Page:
Author: Catherine Griffin [Science World Report]
Deep beneath the surface of the Atlantic Ocean lives a voracious predator that gobbles down fish as it hunts in tropical waters. It’s not a shark, though; it’s not even a squid. Instead, this predator is the invasive lionfish–and it turns out that they’re growing huge at 300 feet below.
Lionfish are native to the Indo-Pacific region. With their graceful, fan-like fins and their striking, striped patterns, these fish have long been used as popular aquarium pets. Unfortunately, this popularity is probably what introduced them to areas along the coast of the U.S. in the first place. It’s very likely that someone dumped aquarium water into the ocean, either knowingly or unknowingly releasing the first lionfish into the wild.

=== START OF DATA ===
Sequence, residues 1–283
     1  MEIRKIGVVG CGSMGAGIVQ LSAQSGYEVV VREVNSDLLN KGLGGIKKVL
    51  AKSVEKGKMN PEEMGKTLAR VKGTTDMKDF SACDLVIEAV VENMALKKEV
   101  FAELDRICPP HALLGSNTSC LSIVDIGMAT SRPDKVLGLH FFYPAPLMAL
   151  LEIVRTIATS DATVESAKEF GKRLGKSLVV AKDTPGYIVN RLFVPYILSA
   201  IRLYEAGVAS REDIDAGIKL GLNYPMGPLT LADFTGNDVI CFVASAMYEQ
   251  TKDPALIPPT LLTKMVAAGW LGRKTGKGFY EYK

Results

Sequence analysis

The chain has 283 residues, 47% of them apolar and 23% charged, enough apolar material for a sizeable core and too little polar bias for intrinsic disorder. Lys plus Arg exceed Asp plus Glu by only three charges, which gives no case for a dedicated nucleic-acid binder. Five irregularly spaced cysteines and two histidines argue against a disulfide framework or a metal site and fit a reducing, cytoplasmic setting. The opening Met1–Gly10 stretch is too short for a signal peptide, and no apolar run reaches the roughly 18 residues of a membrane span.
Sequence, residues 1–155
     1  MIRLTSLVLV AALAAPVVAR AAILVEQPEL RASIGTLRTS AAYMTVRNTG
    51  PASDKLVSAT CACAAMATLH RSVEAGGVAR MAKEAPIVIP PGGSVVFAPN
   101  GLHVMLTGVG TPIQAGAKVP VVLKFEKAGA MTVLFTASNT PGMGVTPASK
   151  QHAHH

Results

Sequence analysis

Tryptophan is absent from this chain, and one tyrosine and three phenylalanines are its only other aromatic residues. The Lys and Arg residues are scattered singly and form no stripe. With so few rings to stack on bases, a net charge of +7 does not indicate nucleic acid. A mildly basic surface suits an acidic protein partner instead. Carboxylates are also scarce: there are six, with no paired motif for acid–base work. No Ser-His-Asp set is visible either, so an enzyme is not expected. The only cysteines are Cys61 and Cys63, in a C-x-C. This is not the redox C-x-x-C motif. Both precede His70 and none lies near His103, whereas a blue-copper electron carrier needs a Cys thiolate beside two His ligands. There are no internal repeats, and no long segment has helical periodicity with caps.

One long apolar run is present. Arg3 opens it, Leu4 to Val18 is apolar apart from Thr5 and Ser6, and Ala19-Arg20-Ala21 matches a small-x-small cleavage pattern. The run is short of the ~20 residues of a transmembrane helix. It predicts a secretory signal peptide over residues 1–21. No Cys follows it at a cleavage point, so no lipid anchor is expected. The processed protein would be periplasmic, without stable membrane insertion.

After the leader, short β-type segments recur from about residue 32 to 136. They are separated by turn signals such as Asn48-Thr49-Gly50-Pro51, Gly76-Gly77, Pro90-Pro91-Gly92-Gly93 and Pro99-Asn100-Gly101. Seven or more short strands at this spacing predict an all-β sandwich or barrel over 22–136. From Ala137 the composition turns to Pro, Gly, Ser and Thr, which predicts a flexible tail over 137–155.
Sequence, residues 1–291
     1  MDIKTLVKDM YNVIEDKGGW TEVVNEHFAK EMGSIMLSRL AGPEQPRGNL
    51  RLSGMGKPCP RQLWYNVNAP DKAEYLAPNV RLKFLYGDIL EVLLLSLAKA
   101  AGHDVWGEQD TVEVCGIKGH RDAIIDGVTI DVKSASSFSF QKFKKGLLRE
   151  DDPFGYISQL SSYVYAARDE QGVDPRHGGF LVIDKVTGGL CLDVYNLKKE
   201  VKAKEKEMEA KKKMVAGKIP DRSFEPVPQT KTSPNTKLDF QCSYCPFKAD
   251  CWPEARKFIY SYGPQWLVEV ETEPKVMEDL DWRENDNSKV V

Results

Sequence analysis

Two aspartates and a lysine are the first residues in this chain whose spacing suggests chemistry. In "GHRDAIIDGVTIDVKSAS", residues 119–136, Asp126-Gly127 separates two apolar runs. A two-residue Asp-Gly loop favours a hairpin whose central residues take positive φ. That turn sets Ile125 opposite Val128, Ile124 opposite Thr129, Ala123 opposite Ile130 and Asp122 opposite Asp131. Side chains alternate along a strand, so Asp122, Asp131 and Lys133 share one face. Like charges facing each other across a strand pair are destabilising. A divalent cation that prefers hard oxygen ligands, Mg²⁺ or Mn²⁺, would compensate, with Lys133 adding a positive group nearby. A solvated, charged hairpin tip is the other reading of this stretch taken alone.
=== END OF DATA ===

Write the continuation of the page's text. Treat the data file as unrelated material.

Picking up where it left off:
While lionfish can appear as far north as New Jersey in the summertime, though, these creatures are usually limited by how warm waters are. That said, it seems that at least one population of these tropical fish have dived to depths and have thrived, growing large over the years. Since big fish in many species can reproduce much more efficiently than their younger counterparts, this phenomenon raises significant concerns.
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